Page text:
If you find yourself inspired by those lilting brogues, you can learn to speak like a leprechaun yourself with Mango Languages, the Library’s online language learning program, found on our website.  Try out their special short course called “St. Patrick’s Day Irish” which gives an introduction to the names of people, places, food and drink.

Those of Irish heritage can explore their family history with Ancestry Library Edition or Heritage Quest, useful tools for genealogy research. You can browse our music CDs for favorites from the Celtic repertoire. And, of course, you can admire the lush pictures in scores of travel books or serve up delectable Irish soda bread from recipes found in our cookbook section.


Céad míle fáilte to the Ridgefield Library!

Thursday, March 12, 2015

Genealogy Research Using Ancestry Library Edition

Ever wonder about your family tree? Are you the family historian trying to sort through great aunts and uncles, cousins, neighborhoods, and World War II service tales?

Ancestry Library Edition delivers billions of records in census data, vital records, directories, photos, etc. It includes records from North America, United Kingdom, Europe, and Australia, with more countries added on a regular basis. With the addition of the 1940 census records, World War II draft registration cards, naturalization records, passports, and passenger lists you don’t need a huge amount of information to begin a fascinating journey tracing your family’s roots.  Ancestry is the world’s largest genealogy research tool and it is available on the public computers in the Ridgefield Library.

We are offering two programs this month on using Ancestry: one for students in grades 8-12 on Wednesday, March 18 from 3:30-5:00 PM led by Gayle Pulley, Head of Children’s Services, and the other for adults on Thursday, March 24 from 1:00-2:30 PM led by Adult Services Librarian Mary Lee. Both groups will meet in the Library’s Donofrio Technology Center. Please register on our website’s Events Calendar. Get started researching your family history!

Contributed by Adult Services Librarian Mary Lee

Thursday, March 5, 2015

Children’s Book Award Winners @ the Ridgefield Library

Readers, young and old! It’s our favorite time of year again, when the American Library Association announces the winners of its legendary annual awards: the John Newbery Medal for the best in children’s fiction, and the Randolph Caldecott Medal for the best in children’s picture books. This year’s winners are Kwame Alexander’s “The Crossover” for the Newbery, a chapter book that fuses the rhythm of poetry and basketball, and Dan Santat’s “The Adventures of Beekle” for the Caldecott, a story about a little creature who longs to be someone’s imaginary friend.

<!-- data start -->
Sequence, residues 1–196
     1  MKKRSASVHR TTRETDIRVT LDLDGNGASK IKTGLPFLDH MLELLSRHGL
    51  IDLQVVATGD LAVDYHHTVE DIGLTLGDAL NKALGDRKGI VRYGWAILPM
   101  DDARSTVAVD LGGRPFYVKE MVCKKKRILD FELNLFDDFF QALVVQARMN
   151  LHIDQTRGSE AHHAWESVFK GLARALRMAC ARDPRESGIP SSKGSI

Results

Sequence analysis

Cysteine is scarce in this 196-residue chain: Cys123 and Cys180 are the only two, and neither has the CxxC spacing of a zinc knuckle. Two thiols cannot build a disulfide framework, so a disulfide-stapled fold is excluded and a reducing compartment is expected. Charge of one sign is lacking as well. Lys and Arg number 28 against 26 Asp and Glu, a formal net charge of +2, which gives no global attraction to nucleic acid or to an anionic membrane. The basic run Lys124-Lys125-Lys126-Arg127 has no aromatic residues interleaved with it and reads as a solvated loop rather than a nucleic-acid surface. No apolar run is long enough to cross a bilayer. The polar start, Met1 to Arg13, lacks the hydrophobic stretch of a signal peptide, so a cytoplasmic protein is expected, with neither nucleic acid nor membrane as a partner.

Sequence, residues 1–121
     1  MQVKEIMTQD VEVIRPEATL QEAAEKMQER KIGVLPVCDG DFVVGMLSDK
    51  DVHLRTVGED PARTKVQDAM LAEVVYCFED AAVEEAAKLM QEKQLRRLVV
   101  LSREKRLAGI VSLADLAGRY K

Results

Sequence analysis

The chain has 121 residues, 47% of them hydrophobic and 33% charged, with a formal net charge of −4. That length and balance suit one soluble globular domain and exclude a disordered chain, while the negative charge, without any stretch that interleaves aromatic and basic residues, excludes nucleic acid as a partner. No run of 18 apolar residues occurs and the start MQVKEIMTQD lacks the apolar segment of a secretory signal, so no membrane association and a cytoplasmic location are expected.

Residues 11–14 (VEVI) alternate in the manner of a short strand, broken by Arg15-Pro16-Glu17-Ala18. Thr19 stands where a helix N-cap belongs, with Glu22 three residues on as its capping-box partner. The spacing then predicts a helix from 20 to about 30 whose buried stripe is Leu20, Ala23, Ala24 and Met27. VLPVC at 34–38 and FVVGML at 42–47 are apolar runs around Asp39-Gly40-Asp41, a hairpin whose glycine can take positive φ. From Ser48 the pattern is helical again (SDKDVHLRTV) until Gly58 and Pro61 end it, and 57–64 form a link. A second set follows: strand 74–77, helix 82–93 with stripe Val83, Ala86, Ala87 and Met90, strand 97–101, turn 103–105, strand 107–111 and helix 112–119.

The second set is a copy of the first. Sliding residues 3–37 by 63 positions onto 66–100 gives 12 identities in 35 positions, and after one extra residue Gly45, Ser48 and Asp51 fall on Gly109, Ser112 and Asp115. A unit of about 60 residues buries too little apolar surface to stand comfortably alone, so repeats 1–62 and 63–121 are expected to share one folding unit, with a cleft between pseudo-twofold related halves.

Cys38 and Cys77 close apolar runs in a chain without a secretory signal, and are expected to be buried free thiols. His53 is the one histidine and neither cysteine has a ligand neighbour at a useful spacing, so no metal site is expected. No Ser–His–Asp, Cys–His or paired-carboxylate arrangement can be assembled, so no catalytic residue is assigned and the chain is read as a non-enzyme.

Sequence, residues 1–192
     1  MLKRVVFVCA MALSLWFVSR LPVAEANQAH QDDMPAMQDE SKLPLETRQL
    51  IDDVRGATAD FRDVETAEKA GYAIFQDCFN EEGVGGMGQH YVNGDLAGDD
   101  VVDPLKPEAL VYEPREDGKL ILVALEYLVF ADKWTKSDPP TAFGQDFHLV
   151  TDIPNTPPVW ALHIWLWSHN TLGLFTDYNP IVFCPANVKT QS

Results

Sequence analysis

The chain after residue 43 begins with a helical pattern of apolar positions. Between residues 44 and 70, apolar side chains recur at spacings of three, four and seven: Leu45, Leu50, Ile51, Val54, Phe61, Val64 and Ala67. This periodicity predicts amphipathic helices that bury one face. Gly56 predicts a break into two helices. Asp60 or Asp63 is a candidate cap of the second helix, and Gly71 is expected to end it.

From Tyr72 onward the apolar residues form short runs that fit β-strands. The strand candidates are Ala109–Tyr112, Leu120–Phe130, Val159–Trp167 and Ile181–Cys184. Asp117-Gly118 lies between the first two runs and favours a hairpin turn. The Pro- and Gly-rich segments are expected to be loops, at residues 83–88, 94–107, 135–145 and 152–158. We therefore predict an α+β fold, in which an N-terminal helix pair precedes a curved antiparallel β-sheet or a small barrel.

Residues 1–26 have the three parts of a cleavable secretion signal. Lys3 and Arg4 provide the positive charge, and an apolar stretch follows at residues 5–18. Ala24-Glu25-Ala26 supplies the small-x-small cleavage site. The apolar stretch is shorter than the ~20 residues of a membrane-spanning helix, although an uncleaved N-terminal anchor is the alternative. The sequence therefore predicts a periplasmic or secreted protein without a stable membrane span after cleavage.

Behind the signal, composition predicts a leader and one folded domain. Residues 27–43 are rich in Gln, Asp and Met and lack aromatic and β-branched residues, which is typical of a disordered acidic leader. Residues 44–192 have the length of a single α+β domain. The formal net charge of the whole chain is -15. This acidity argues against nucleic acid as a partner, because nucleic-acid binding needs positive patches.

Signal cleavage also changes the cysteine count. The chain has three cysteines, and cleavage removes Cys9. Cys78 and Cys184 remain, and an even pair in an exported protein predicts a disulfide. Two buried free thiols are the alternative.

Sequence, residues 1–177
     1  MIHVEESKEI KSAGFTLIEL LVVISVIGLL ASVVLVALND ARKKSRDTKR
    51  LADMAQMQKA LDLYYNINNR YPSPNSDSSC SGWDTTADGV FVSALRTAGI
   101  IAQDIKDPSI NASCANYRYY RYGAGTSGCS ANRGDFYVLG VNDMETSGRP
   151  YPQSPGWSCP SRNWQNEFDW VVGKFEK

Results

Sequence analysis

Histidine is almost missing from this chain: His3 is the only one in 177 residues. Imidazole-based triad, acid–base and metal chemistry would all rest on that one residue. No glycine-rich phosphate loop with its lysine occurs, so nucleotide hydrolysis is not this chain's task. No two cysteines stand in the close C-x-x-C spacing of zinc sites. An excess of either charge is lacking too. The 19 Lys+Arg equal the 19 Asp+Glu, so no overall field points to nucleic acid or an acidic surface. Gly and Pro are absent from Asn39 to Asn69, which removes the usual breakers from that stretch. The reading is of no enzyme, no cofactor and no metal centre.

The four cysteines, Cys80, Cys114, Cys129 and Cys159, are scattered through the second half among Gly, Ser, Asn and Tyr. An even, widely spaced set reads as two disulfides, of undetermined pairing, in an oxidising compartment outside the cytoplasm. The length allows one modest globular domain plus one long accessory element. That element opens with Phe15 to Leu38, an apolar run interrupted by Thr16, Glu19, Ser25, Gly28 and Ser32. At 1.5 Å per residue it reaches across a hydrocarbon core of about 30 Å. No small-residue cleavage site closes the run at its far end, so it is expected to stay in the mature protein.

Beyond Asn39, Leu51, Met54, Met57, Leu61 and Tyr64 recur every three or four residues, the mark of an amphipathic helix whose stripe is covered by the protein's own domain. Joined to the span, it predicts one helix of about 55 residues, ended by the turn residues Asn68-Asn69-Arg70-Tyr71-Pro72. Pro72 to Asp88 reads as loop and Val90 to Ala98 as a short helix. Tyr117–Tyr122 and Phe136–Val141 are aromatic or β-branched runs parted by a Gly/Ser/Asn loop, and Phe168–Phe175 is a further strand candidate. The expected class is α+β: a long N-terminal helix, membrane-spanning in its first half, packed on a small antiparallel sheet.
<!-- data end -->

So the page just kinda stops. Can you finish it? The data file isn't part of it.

You can check out these, and many more award winners, in our special Juvenile Award Winner collection in the Lodewick Family Children’s Library. This collection contains the Newbery and Caldecott winners from every year, dating back to 1922! The two sections are organized in reverse chronological order, so you can see the progression of titles over the course of nearly a century. You’ll recognize some wonderful bedtime favorites, such as “Where the Wild Things Are” by Maurice Sendak, among the Caldecotts. Reread some great stories, like Robert O’Brien’s “Mrs. Frisby and the Rats of NIMH,” in the Newberys. Take a look on ALA’s website (www.ala.org) for a full list of these timeless classics. 

Contributed by Ann Victor, Children's Collection Management Specialist

Wednesday, February 25, 2015

Library Open Hours to Change March 1st


We have been gratified by the overwhelmingly positive response we have received to our new building and the expanded services we are able to offer in it.  But, as with any new venture, there are sometimes adjustments to be made to find the best mode of operation.  We have listened carefully to the comments of our patrons and are now going to institute a major change in response to public demand, effective Sunday, March 1st.


Our hours will be changing to allow more open time in the evening.  This has been a constant request from students preparing for exams, commuters unable to get back to town before our current 7:00 PM closing and patrons wishing to combine other library business with a trip to an evening program. We looked at our data on visits throughout the day and found that usage before 10:00 AM was very light, compared to the demand for more evening hours.  Our new weekday hours will be Monday through Thursday 10:00 AM to 8:00 PM and Friday 10:00 AM to 6:00 PM.  Saturday hours will remain 9:00 AM to 5:00 PM and Sundays 1:00 to 5:00 PM (during the school year only).